How to Deal With Conflict As a Supervisor

There are many responsibilities attached to working as a supervisor, including dealing with the occasional conflict between two or more employees. Learning how to deal with conflict as a supervisor is essential, as it helps you maintain a healthy, harmonious, productive work environment. To help you navigate conflicts successfully, review the following tips.

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Make Your Expectations Clear

Establishing clear work environment expectations helps avoid conflicts. There are endless resources available related to workplace professionalism, including training videos, employee handbooks, training seminars, and teamwork exercises. When employees are clear on what they need to do and how they should conduct themselves at work, the risk of conflicts decreases. You can also refer to training materials whenever employees need “refreshers” about workplace conduct.

Stay Calm At All Times

Remaining calm is not always the easiest thing, especially when people make inflammatory remarks or otherwise behave out of turn. To help you maintain a calm demeanor in the face of conflict, focus on your breath. Deep breathing from the diaphragm can instantly calm the body and mind to help you stay proactive instead of reactive. If you are calm, your employees will calm down as well. It is hard to maintain an angry or frustrated demeanor when the people around you are not reacting. Try to leave your emotions out of every work conflict and instead look at each issue from an objective standpoint. Refraining from letting your emotions rule each situation also garners you more respect as a supervisor.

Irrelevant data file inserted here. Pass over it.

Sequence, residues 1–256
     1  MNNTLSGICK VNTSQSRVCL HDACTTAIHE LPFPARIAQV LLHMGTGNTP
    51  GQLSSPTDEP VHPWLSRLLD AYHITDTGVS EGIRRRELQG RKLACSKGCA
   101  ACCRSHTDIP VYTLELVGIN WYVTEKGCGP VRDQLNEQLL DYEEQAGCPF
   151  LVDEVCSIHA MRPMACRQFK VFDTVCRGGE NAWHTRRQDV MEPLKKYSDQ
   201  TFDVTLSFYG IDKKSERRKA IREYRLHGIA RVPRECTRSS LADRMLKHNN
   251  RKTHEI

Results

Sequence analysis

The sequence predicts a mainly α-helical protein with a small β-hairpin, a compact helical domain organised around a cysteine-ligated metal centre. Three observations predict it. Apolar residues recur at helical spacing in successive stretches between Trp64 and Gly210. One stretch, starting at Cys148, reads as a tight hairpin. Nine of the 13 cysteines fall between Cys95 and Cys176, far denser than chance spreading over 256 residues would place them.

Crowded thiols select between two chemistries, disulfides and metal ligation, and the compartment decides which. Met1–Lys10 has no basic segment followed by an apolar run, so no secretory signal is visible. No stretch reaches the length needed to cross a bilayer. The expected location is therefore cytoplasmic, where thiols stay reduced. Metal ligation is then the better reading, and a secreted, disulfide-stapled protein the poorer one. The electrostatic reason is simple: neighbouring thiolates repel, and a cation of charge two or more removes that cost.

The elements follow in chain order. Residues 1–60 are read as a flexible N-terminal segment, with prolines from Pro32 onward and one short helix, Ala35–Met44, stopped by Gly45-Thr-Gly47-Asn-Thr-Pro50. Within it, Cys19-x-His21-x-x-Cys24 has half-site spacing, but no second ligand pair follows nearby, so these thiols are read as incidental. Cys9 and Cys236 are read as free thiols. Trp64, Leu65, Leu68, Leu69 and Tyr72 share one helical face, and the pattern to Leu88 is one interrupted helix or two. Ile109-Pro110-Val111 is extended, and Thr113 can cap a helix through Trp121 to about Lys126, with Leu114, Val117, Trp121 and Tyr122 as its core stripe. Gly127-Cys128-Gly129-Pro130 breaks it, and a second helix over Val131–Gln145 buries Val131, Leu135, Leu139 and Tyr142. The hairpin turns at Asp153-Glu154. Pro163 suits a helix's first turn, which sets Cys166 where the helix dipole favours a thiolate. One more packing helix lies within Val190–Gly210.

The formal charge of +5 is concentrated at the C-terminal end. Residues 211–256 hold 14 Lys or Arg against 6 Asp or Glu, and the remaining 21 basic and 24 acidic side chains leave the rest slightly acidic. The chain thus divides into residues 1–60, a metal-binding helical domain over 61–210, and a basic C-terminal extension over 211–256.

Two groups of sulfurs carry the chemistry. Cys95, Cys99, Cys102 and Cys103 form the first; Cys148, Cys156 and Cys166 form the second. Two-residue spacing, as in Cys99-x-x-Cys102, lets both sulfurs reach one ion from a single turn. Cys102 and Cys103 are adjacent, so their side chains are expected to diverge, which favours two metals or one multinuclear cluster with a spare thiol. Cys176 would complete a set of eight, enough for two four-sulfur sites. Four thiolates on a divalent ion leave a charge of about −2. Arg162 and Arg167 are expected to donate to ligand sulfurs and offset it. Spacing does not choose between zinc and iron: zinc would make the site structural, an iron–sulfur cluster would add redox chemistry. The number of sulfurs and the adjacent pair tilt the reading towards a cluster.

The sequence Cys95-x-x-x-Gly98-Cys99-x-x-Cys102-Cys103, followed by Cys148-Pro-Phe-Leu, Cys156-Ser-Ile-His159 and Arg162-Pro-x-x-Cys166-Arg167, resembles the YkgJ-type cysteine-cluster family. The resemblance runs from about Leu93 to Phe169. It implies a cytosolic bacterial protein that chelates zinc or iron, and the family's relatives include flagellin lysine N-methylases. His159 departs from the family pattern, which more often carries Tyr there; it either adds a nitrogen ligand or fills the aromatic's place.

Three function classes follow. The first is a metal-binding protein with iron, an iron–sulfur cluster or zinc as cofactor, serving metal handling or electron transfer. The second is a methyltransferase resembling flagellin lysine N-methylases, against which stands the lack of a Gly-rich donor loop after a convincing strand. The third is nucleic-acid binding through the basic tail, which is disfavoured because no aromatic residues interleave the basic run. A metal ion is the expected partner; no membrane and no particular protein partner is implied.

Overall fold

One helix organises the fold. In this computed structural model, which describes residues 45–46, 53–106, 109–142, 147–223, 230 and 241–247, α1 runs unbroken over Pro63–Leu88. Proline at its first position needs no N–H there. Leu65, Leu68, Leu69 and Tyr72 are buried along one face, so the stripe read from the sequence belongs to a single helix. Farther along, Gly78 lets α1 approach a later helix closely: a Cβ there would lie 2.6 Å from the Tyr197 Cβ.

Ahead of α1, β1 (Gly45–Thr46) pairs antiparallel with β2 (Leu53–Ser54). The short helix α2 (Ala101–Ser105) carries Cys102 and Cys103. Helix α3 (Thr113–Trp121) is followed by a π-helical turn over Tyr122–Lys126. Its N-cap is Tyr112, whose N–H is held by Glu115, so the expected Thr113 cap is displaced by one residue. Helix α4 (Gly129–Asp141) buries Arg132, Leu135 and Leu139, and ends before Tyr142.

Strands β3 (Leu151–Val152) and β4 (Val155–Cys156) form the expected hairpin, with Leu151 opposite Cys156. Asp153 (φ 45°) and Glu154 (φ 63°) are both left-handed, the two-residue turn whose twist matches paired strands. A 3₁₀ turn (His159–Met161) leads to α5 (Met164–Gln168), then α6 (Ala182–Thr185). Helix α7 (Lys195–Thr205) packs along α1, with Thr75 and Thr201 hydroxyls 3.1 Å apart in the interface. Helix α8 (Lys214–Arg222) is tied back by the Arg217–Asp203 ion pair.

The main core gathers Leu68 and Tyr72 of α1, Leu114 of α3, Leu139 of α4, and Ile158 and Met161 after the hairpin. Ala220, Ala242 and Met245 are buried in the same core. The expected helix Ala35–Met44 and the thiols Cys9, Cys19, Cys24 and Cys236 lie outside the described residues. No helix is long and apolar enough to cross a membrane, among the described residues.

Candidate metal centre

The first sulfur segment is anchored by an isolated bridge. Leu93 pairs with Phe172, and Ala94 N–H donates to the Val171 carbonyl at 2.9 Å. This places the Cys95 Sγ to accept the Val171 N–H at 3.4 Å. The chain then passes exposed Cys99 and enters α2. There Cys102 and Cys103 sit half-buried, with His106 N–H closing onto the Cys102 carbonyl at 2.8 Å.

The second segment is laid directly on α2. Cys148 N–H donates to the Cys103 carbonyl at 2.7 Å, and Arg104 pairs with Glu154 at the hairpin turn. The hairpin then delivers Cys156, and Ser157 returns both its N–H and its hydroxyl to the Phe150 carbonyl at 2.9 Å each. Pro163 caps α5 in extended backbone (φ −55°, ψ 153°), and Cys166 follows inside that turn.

Encourage Documentation

Figuring out how to deal with conflict as a supervisor can involve creating a reporting system. While some issues are small and can be resolved without you or other supervisors, any big problem should be documented. Encourage employees dealing with any type of severe problem, such as ethnicity or race-related discrimination, sexual harassment, or religious intolerence, to file formal complaints.

However, problems do not have to be super-severe to warrant reporting. For example, say an employee is annoyed by another team member on their shift who is always looking at their phone or playing a game on said phone. The first employee could report something like, “I have repeatedly asked [x team member] to put their phone down and help me with various tasks in the warehouse. No matter how kind or tactful I am, this individual is rude and does nothing to help. I am increasingly frustrated as a result. Please advise, thank you!”

Consider Weekly or Monthly Team Meetings

Dealing with conflict as a supervisor can call for weekly or monthly team meetings where everyone “checks in” and can discuss any issues they are experiencing. Make it clear that these meetings are open, judgment-free forums designed to promote a more honest work environment. You should also make it clear that the meetings are not about “ratting people out” or complaining about one another, rather they concern coming together as a team and brainstorming about making the environment better. If there are any issues between employees calling for conflict resolution, the team members in question should come to you. That way, you can resolve the issue in private or schedule time with a professional mediator.

Remember, learning how to deal with conflict as a supervisor is not an overnight process. It is normal to experience “road bumps,” but with time, patience, and practice, you will enjoy a happier, healthier, more peaceful work environment. ‘Patience’ includes being patient with your team and with yourself–everyone is human, after all!

For more about dealing with workplace conflicts as a supervisor and other effective leadership tools, please contact Pollack Peacebuilding Systems today!

Kent McGroarty

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